It is absolutely ridiculous to note that the Federal Minister for Water and Power, Khawaja Muhammad Asif, claimed while speaking in the National Assembly that â€œMET Office officials had predicted below normal rainfall during the monsoon season and preparations were made accordingly.â€ The heavens be praised! This is the level of competence of our ministers. Devastating floods from 2010 onward are not a story of the previous century. Shouldn’t have the government been better prepared to cope with the situation even if the lame excuse of the minister is accepted as true? Were the highly-paid officials of numerous state organs sleeping?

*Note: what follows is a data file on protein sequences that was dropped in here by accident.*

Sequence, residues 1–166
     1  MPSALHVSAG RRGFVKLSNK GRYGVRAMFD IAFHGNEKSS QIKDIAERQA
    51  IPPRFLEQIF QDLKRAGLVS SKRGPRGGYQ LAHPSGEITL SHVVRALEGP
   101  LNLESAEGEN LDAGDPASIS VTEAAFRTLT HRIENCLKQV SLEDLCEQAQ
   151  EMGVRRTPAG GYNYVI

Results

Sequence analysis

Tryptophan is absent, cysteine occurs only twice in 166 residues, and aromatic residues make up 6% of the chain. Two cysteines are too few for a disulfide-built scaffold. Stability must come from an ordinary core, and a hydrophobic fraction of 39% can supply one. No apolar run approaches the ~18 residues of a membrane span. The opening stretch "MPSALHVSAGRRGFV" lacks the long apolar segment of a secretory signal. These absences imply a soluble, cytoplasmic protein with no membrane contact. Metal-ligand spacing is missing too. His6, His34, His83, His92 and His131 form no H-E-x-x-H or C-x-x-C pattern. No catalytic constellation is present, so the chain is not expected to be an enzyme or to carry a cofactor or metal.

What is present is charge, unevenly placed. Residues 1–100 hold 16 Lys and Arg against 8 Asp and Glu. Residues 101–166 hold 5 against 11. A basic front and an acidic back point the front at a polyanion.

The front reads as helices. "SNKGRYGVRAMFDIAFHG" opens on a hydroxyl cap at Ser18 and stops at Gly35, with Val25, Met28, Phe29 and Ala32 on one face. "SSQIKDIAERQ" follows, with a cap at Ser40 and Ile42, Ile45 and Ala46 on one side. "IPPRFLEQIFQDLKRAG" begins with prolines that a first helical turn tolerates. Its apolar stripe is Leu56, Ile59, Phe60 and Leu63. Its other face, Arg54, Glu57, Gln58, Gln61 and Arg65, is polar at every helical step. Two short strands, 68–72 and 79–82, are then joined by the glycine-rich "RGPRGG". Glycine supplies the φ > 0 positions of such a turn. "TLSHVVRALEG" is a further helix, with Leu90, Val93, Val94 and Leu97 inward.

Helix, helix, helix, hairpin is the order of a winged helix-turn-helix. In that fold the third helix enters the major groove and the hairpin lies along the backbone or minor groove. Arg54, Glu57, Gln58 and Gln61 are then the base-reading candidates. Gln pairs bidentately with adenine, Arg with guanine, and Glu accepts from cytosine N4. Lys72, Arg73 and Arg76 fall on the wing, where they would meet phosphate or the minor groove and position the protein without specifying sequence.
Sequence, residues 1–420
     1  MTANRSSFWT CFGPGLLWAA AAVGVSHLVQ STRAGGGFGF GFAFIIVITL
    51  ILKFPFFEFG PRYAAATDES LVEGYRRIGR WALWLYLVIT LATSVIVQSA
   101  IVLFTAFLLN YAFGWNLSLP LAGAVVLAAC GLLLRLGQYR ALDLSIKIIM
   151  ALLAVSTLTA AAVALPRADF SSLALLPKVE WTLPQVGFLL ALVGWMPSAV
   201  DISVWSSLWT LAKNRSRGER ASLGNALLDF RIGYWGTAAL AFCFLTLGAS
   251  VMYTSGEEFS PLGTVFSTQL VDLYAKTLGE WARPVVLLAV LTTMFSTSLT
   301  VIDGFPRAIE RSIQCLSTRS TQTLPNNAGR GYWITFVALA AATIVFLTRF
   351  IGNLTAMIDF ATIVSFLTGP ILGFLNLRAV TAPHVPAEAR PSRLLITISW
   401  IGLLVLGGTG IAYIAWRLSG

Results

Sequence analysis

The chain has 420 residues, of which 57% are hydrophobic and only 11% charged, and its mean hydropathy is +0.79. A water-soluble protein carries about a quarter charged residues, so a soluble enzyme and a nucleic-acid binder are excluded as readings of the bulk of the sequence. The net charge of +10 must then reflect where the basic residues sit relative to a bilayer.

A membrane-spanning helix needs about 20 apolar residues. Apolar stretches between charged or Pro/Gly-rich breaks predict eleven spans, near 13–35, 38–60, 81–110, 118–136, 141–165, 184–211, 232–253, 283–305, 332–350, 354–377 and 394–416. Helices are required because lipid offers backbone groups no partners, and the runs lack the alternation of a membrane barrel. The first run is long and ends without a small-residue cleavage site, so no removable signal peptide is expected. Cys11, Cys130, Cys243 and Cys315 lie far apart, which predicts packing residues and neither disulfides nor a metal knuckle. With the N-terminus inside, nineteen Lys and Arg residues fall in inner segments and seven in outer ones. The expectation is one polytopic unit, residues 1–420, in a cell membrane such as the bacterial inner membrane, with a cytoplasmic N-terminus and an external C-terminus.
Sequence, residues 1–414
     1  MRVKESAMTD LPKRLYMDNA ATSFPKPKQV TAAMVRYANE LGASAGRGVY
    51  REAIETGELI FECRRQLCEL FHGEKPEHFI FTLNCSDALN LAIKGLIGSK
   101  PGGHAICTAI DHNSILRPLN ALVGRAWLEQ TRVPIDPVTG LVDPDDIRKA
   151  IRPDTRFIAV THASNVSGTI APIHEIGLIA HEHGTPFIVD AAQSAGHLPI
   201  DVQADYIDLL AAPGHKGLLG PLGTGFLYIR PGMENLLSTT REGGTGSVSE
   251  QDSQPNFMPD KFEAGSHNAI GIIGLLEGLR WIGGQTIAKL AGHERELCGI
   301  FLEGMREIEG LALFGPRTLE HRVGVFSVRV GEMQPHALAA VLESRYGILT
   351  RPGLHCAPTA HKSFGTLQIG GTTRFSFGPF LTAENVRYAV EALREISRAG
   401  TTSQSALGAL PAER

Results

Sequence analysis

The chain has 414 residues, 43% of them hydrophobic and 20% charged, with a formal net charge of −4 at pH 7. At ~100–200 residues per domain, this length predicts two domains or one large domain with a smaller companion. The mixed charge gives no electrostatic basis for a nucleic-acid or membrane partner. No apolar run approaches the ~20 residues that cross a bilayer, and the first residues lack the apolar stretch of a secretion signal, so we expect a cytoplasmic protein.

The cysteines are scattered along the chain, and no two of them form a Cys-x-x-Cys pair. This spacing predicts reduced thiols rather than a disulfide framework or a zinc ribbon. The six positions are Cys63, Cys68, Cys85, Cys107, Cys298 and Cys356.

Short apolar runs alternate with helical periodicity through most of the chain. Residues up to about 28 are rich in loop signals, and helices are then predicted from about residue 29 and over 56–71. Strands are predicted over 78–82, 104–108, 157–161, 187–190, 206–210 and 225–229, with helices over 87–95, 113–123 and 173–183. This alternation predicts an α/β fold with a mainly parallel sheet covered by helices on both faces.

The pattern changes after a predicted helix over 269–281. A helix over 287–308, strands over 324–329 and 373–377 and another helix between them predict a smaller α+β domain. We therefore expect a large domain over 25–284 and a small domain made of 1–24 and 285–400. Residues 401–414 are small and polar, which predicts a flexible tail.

Role of NDMA
National Disaster Management Authority, in its report of 2010 floods entitled â€œPakistan 2010 Flood Relief â€“ Learning from Experience: Observations and Opportunitiesâ€ observed:
â€œEffective Disaster Management and preparedness is critical to the safety and wellbeing of the people of Pakistan. This requires the support of Federal and Provincial Governments and all stakeholders. Disaster response itself must be a ‘one-window’ operation. To achieve this, it is imperative that roles and responsibilities are clearly mandated and the designated key agency is empowered to lead the process of ensuring more cohesive coordination. In addition, the capacity of key organizations needs to be strengthened urgently.â€